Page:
A Rising Man

by Abir Mukherjee

Newly arrived in Calcutta, Capt. Sam Wyndham, formerly of Scotland Yard, is called to his first case: the murder of a high-ranking British civil servant in a dark, deadend alley near a brothel.

The victim, Alexander MacAuley, was an aide and “fixer” for the lieutenant governor. He was wearing evening clothes and found with his throat cut and a wad of expensive paper stuffed into his mouth. Written on the paper was a message warning the British to leave India.

Despite his experience as a police investigator, Wyndham is out of his element in Calcutta. He arrived a little more than a week earlier at the invitation of Lord Charles Taggart, Commissioner of the Imperial Police Force in Bengal, to work for him in India.

It offered an escape from his dark memories of World War I, lost comrades and the death of his beautiful young wife of influenza.

He finds himself in a country trembling on the edge of revolution. While the British control India and congratulate themselves on their moral superiority, they take rights away from the Indians, stoking the drive for independence.

Wyndham, with a modest boarding school education, supervises a Cambridge-educated sergeant. His name is Surendranath Banerjee, but when his British colleagues can’t pronounce his name correctly, they nickname him “Surrender-not.”

As Wyndham investigates, he finds his activities are reported to the lieutenant-governor almost as quickly as he decides them. Wyndham discovers that the British military operates an intelligence division, Section H, that is stepping on his investigation at every turn. As he searches for facts, other agents in the British government have already reached conclusions and are set on a politically acceptable resolution.

One of the interesting dimensions of this novel is Wyndham’s struggle with his own patriotic and cultural parochialism and his commitment to law and order. To pursue his case as he would have in London is to commit political suicide in Calcutta.

The paths he finds to accept his situation while continuing to work for law and order are as interesting as the solving of the case.

Author Abir Mukherjee has done an excellent job of presenting the historical background without overwhelming the story. Some characters such as Lord Taggart, Wyndham’s superior and mentor, are real people who had a degree of empathy for the Indian struggle for freedom. Others clearly were inspired by real people.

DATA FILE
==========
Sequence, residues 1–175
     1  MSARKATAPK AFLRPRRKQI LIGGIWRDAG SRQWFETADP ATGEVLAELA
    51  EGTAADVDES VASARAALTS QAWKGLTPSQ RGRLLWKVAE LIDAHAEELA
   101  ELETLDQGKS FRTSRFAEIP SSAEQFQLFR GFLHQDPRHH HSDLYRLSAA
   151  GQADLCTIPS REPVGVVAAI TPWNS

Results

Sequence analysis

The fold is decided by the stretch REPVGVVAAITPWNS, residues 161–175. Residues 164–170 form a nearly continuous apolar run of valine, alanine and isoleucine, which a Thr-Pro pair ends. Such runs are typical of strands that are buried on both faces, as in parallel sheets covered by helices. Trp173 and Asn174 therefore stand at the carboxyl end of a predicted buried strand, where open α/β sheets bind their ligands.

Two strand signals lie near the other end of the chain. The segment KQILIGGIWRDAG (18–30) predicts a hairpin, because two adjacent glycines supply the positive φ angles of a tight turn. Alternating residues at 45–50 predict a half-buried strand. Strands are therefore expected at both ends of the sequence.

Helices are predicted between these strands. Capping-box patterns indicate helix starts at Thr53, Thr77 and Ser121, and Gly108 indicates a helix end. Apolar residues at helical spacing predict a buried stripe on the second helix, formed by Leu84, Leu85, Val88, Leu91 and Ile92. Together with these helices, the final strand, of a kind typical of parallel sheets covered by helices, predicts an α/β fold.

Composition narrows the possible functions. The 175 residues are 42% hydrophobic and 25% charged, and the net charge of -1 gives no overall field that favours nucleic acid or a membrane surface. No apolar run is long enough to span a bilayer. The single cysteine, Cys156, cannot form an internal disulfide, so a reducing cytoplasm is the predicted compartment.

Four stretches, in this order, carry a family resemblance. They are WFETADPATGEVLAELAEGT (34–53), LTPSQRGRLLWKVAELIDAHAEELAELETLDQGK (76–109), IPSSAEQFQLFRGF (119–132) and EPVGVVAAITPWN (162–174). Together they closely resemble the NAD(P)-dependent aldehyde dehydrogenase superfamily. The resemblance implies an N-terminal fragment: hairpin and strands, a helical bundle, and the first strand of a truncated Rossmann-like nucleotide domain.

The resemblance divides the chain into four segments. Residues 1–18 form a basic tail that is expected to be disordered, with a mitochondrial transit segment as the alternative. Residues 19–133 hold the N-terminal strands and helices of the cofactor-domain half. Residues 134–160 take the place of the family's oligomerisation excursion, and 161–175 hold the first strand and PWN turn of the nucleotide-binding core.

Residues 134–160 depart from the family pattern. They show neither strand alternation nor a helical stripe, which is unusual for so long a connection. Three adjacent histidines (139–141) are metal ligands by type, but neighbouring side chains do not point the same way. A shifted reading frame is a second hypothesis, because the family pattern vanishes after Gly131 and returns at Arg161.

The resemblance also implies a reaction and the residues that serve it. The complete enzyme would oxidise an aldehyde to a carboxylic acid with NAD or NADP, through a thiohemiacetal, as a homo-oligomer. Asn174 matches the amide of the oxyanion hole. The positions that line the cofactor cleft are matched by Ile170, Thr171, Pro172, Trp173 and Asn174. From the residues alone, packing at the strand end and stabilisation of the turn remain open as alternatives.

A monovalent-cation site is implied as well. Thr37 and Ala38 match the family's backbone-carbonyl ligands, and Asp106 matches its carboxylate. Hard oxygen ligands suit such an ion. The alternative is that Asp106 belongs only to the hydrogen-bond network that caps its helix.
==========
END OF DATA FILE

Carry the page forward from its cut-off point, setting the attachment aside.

A RISING MAN won the CWA Endeavour Dagger for best historical crime novel of 2017 and was shortlisted for the MWA Edgar for best novel.
The books that follow in this series are:
  • A NECESSARY EVIL (2017), which won the Wilbur Smith Award for Adventure Writing. Wyndham and Banerjee must solve the assassination of the Maharaja of Sambalpore’s eldest son.
  • SMOKE AND ASHES, which was chosen by the Sunday Times as one of the 100 Best Crime & Thriller Novels since 1945. Wyndham is battling an addiction to opium, a legacy of his injuries in World War I. When he’s summoned to investigate a grisly murder, he realizes that he has seen another body in a drug-addled haze. He and Banerjee must solve the murders without Wyndham revealing his addiction to his superiors.
  • DEATH IN THE EAST (2020), was a Book of the Month in the Sunday Times and Book of the Year in the Telegraph, Guardian, Mail on Sunday, Mail, Express and FT. In June 2020, it was nominated for a Golden Dagger Award and a Sapere Books Historical Dagger. In 1922, Wyndham has left Calcutta for the hills of Assam and the ashram of a monk he hopes will help him overcome his addiction. There he sees a man from his work as a policeman in London whom he believed to be long dead. Wyndham is convinced his appearance is no coincidence. This novel was nominated for a 2020 Gold Dagger for best crime novel and a Sapere Books Historical Dagger for best historical crime novel.

About the Author: Abir Mukherjee (1974 – )

Abir Mukherjee grew up in a small town in Scotland and now lives in London with his wife and two sons. His parents were originally from Calcutta.
He was interested in the British Raj period of the 1920s, which he felt neither Indian nor British writers had done justice to. He didn’t want to write a history book, so he decided to write “a thriller that would tell its own story set against the backdrop of that historical period.” (The Wilbur & Niso Smith Foundation). He spent time int he British Library and made several trips to India to get a feel for the actual settings.


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